Artist Spotlight: Giotto
Welcome back to the Accessible Art History blog! This week’s post is going to focus on one of the most important figures in the history of art: Giotto di Bodone. His work and techniques helped to usher in the Renaissance, while still including traditions from the past. To showcase this concept, this post will examine three of his major works and how it impacted the development of art history.
Unfortunately, but not surprisingly due the time period, there are few sources concerning Giotto’s life. He was born in either 1267 or 1276. These ten years make a big difference in the analysis of his works. If it is the latter date, then he was a prodigy due to his young age when his works start to appear in the historical record. There is also a debate about the location of Giotto’s birth. For centuries, Colle di Romagnano has claimed the honor. In fact, there is even a building designated as his birthplace. But, recent scholarship seems to suggest that he was actually born in Florence.
Around 1290, Giotto married a woman named Ricevuta di Lapo del Pela. Together, they had eight children, 4 daughters and 4 sons. One of those sons would follow in his father’s footsteps to become an artist, but little else is known about his family. Giotto di Bondone died on January 8, 1337. Most sources agree that he was buried in the Florence Cathedral. This is partially due to the fact that he worked on the project, but also because he was one of the most beloved citizens of this art orientated city.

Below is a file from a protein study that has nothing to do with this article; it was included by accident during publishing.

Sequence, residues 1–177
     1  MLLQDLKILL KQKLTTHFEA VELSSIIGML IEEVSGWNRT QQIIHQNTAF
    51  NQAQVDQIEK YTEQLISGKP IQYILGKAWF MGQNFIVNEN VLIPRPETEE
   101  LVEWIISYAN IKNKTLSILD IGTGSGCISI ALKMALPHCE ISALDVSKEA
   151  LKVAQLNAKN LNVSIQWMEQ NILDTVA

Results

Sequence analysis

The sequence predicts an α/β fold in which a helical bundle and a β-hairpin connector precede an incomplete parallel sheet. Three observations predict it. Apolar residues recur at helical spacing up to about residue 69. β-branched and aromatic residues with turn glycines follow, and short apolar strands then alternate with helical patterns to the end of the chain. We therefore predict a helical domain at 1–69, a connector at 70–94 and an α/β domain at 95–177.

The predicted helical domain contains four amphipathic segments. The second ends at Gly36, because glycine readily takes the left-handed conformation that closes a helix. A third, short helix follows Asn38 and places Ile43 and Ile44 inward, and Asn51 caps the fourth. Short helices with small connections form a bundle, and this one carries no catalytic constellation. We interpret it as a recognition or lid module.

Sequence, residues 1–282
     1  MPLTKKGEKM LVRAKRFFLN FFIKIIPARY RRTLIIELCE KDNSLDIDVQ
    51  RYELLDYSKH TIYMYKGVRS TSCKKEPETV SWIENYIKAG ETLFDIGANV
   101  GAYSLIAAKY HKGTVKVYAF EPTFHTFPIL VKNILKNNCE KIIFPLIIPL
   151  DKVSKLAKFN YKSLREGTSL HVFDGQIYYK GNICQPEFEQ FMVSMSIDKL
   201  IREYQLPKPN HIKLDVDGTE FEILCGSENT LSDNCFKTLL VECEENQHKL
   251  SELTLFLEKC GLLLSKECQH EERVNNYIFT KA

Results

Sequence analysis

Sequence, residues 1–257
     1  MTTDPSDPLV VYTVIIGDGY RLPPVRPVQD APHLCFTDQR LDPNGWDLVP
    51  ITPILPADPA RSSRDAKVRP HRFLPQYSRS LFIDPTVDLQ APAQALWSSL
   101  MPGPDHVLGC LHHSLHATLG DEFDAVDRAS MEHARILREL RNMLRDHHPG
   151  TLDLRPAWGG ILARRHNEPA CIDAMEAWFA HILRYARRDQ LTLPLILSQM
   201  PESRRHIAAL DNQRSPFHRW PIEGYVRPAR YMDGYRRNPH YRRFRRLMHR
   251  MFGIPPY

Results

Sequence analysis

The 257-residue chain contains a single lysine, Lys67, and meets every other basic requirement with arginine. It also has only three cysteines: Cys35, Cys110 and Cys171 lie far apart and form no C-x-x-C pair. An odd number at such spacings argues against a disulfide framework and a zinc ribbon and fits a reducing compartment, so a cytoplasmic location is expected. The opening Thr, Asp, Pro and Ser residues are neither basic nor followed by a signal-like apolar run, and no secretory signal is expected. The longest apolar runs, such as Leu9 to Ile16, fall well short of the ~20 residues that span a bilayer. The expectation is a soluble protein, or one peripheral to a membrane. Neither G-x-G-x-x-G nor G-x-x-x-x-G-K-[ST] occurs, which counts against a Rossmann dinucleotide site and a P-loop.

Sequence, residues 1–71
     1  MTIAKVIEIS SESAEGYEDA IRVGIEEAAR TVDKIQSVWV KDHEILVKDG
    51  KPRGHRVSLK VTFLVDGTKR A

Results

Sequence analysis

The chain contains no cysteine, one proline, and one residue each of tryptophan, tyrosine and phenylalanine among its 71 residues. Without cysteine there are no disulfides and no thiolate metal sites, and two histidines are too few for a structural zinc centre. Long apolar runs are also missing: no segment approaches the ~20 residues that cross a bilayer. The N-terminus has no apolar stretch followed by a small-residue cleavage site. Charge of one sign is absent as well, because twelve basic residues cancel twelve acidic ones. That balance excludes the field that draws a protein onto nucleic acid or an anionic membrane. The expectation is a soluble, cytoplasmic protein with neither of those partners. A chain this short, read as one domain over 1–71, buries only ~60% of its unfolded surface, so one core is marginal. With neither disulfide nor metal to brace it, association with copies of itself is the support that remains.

Fascinatingly, excavations in the 1970’s revealed a male skeleton near where records showed that Giotto had been buried. Forensic anthropologists were brought in and said that there was evidence in his bones that he was a painter. Not only were there traces of arsenic and lead in the bone material, but his neck showed evidence of being constantly bent down and his teeth were worn down as if he held a brush. These details make experts almost positive that this skeleton belonged to Giotto. It was moved to be placed next to another famous Florentine, Filippo Bruneleschi.
St. Francis and Stigmata
The life of St. Francis is the topic that Giotto painted the most works about. This particular painting shows the saint receiving the stigmata (the wounds that Christ endured during the Crucifixion) from an angel. St. Francis was praying for guidance on Mount Alverno when this event occurred and this literally marked him as blessed. At the bottom of the work, there are three major scenes from his life: The Dream of Pope Innocent III, The Approval of the Franciscan Rule, and St Francis Feeding the Birds. According to Girgio Vasari, it once hung in the Pisa Cathedral. But, thanks to Napoleon's looting campaign, it now hangs in the Louvre.
Giotto painted this work between 1295-1300. At this point, it was clear that Byzantine/Gothic art was on the way out and the Renaissance was on the horizon. This painting is a great example of how we can see this transition. The golden background and slightly flat figures are hallmarks of the Byzantine style. However, the expressive emotions, landscape details, and the attempt at three dimensionality are clearly attempts at the new Renaissance ideals.